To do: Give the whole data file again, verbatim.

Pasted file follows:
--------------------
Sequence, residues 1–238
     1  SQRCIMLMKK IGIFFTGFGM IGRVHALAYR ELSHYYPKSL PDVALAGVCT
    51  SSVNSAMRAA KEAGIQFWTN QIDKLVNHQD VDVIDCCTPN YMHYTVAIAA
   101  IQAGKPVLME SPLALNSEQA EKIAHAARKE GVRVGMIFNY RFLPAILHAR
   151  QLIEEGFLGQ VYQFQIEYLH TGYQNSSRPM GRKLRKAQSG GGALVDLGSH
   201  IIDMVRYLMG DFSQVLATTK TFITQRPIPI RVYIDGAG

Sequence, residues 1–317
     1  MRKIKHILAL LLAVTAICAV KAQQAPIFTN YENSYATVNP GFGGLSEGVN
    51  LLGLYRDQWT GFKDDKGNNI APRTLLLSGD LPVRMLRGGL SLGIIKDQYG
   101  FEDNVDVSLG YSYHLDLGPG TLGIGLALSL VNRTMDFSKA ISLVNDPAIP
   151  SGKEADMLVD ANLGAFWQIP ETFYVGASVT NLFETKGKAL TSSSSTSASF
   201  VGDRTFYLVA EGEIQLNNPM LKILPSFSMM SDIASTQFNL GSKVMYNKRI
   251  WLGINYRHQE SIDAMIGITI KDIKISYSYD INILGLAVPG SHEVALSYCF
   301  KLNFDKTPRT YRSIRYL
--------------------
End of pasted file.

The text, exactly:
Sequence, residues 1–238
     1  SQRCIMLMKK IGIFFTGFGM IGRVHALAYR ELSHYYPKSL PDVALAGVCT
    51  SSVNSAMRAA KEAGIQFWTN QIDKLVNHQD VDVIDCCTPN YMHYTVAIAA
   101  IQAGKPVLME SPLALNSEQA EKIAHAARKE GVRVGMIFNY RFLPAILHAR
   151  QLIEEGFLGQ VYQFQIEYLH TGYQNSSRPM GRKLRKAQSG GGALVDLGSH
   201  IIDMVRYLMG DFSQVLATTK TFITQRPIPI RVYIDGAG

Sequence, residues 1–317
     1  MRKIKHILAL LLAVTAICAV KAQQAPIFTN YENSYATVNP GFGGLSEGVN
    51  LLGLYRDQWT GFKDDKGNNI APRTLLLSGD LPVRMLRGGL SLGIIKDQYG
   101  FEDNVDVSLG YSYHLDLGPG TLGIGLALSL VNRTMDFSKA ISLVNDPAIP
   151  SGKEADMLVD ANLGAFWQIP ETFYVGASVT NLFETKGKAL TSSSSTSASF
   201  VGDRTFYLVA EGEIQLNNPM LKILPSFSMM SDIASTQFNL GSKVMYNKRI
   251  WLGINYRHQE SIDAMIGITI KDIKISYSYD INILGLAVPG SHEVALSYCF
   301  KLNFDKTPRT YRSIRYL